In February 2015, I got accepted as the top candidate for the Director-level job I applied for. It was great and felt like a leveling up of some of the things I worked on over the past 5 years.
But here’s the rub: I need to move to the United States for this position.
It was a whirlwind application process. I applied for the position toward the end of November 2014, filled up some forms, wrote an essay, and then got interviewed.
It’s a different feeling when you “potentially” need to move to a different country because you’re applying and actually knowing that you will need to move there within the next 2-3 months.
For the rest of the day when I learned about the news, all I could think of was “Oh God, this is it!” excitement followed by some worry “What in the world have I gotten myself into?”
I broke the news to my wife and we started making plans for our transition out the Philippines, and into the United States of America.
With our transition in full swing and a super-energetic 2-year old boy, we started to plan, pray, and pack up our stuff.
If you’re also about to move to another country, here are several tips on how NOT to freak out:
For those of us who belong to a faith tradition, prayer helps us get centered on the will of God. It’s also a great reminder that we are not making this journey by ourselves; God is looking over us. We prayed when I applied to this position. And we also prayed when we got the news that we will indeed be making the move.
There were a lot of factors we needed to consider. Where do we put all the belongings we will leave behind? Who will get our car? How about my books? Who will inherit the toys of our son? The fridge and washing machine?
Do we secure an apartment or rent a house in the United States? How much are we going to spend on our needs every month? What car to buy?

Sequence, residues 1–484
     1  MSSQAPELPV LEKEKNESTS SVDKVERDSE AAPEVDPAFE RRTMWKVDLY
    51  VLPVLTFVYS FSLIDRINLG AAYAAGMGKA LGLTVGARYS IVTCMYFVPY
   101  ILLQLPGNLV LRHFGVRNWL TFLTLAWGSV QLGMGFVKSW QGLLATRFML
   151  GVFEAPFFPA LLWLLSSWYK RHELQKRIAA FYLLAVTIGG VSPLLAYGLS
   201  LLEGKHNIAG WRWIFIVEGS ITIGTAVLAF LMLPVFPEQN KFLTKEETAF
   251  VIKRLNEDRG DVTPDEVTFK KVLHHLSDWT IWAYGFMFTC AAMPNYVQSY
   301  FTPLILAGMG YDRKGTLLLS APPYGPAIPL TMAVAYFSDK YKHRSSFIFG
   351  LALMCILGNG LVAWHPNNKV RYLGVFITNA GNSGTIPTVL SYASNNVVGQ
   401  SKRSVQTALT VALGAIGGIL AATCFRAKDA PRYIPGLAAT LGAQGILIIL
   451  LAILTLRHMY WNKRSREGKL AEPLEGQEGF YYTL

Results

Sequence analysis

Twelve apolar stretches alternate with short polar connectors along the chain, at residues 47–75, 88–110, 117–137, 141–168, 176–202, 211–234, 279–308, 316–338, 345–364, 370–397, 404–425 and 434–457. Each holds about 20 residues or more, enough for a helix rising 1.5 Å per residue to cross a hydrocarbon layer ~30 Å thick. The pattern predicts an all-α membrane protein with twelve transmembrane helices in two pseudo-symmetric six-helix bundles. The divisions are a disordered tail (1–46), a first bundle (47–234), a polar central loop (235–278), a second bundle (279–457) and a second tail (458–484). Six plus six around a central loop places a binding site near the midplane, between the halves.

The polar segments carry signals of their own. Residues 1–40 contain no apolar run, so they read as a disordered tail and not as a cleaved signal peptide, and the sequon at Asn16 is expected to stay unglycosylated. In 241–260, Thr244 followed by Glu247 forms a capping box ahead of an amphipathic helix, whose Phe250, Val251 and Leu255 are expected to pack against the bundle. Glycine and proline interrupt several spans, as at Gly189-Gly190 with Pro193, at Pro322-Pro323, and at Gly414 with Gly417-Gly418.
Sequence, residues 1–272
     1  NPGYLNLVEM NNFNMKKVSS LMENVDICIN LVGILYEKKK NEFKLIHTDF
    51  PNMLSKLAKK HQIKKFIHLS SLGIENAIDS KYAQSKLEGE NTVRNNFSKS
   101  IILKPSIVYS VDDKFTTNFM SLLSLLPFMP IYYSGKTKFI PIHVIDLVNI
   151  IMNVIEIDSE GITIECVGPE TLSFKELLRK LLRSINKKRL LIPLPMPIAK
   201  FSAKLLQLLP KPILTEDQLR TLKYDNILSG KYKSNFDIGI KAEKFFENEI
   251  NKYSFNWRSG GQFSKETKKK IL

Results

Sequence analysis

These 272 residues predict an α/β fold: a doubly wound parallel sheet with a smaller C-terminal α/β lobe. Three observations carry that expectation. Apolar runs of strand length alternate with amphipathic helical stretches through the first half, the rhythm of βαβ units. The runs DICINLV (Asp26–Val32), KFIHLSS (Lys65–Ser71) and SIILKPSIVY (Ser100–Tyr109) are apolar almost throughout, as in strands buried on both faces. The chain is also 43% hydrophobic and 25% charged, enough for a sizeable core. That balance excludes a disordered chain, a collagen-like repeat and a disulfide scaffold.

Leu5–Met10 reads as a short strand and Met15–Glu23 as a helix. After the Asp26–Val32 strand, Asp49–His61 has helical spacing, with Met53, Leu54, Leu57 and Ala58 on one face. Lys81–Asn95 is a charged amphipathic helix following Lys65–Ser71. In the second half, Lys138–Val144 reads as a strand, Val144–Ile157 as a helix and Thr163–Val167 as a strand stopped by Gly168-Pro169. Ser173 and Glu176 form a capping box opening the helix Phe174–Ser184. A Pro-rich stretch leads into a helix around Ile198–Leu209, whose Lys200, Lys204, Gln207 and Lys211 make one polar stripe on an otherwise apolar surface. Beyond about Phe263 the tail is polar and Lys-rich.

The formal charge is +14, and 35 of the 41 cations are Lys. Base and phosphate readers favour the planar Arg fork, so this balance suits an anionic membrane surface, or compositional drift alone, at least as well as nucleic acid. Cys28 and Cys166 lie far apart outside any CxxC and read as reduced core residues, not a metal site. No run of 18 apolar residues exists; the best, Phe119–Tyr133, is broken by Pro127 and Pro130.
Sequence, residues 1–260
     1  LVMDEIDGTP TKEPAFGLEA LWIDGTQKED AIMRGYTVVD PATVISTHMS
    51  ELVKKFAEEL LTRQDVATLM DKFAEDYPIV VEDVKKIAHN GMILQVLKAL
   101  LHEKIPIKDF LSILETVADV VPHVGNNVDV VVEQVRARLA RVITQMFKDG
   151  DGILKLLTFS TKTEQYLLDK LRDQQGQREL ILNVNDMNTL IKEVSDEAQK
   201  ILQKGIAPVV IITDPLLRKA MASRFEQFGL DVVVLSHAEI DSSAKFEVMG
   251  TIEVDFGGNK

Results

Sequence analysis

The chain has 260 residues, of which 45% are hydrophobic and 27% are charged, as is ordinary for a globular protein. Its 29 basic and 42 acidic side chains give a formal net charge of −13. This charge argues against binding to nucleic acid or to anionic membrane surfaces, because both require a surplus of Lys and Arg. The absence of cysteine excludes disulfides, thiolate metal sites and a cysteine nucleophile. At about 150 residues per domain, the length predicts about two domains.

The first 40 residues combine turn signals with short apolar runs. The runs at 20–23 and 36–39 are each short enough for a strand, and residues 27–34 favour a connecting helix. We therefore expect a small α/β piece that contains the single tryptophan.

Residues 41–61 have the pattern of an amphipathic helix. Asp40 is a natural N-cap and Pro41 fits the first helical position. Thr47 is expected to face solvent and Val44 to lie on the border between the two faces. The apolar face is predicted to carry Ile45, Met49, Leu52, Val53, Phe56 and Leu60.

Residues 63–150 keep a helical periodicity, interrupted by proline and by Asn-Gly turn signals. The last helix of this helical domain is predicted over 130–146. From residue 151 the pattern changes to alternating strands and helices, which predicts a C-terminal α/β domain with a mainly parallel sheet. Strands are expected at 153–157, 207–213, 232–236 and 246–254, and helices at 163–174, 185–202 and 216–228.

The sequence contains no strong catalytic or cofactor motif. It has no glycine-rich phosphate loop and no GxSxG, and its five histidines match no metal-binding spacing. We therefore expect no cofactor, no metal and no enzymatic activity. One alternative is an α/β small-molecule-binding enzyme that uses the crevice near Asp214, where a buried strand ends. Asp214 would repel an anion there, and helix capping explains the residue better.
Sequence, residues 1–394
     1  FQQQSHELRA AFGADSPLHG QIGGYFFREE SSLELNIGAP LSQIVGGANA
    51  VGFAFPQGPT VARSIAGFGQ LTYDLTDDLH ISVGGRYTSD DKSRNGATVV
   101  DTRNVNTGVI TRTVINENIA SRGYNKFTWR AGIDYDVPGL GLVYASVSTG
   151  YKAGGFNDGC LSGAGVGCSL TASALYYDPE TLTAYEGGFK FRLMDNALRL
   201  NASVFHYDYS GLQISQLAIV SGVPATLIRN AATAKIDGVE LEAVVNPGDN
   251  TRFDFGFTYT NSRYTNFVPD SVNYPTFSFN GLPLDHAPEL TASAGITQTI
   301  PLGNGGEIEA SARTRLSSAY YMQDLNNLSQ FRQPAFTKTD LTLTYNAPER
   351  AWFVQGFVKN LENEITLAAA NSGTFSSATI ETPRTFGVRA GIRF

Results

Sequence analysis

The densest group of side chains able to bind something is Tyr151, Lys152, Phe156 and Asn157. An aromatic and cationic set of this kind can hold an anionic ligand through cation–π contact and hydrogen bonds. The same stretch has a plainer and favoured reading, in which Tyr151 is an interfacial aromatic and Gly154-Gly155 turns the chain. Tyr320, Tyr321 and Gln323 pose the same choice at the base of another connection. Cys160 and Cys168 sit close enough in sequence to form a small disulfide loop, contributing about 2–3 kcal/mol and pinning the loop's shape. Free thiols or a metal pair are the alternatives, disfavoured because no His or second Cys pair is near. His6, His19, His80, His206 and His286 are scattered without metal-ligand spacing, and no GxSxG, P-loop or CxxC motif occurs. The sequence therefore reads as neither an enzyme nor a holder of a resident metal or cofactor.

There were a gazillion questions in our minds. So we sat down and talked about all the things we needed to do and we planned.
A big move like this will not just affect you and your family, but also your circle of friends and networks. So start telling your friends about your upcoming move, to help prepare for that oh-so-difficult process of saying goodbye.
Don’t announce it on Facebook for all the world to see. Inform your family and closest friends before posting your big announcement on Social Media.
It’s okay to freak out.
If, after doing all these things, you still feel like freaking out, it’s fine.
Moving out of the country and starting over in a new one is really a big move. And it’s okay to feel worry and anxiety as you prepare for the big move.
I found that writing on my journal is a helpful way to deal with the anxiety. I wrote down my fears, worries, and anxieties for myself, for my wife, and our son.
But in spite of fears, worries, and anxieties, you still need to take the next steps: put one foot after the other and move. One way or another, you’ll make the move and you’ll be fine.
It’s been a year since we made the big move. There are still some anxieties and worries, but as a family, we’re fine.
Are you about to move out of the Philippines and into the United States or any other country? What’s your biggest fear or worry?
Share them in the comments below.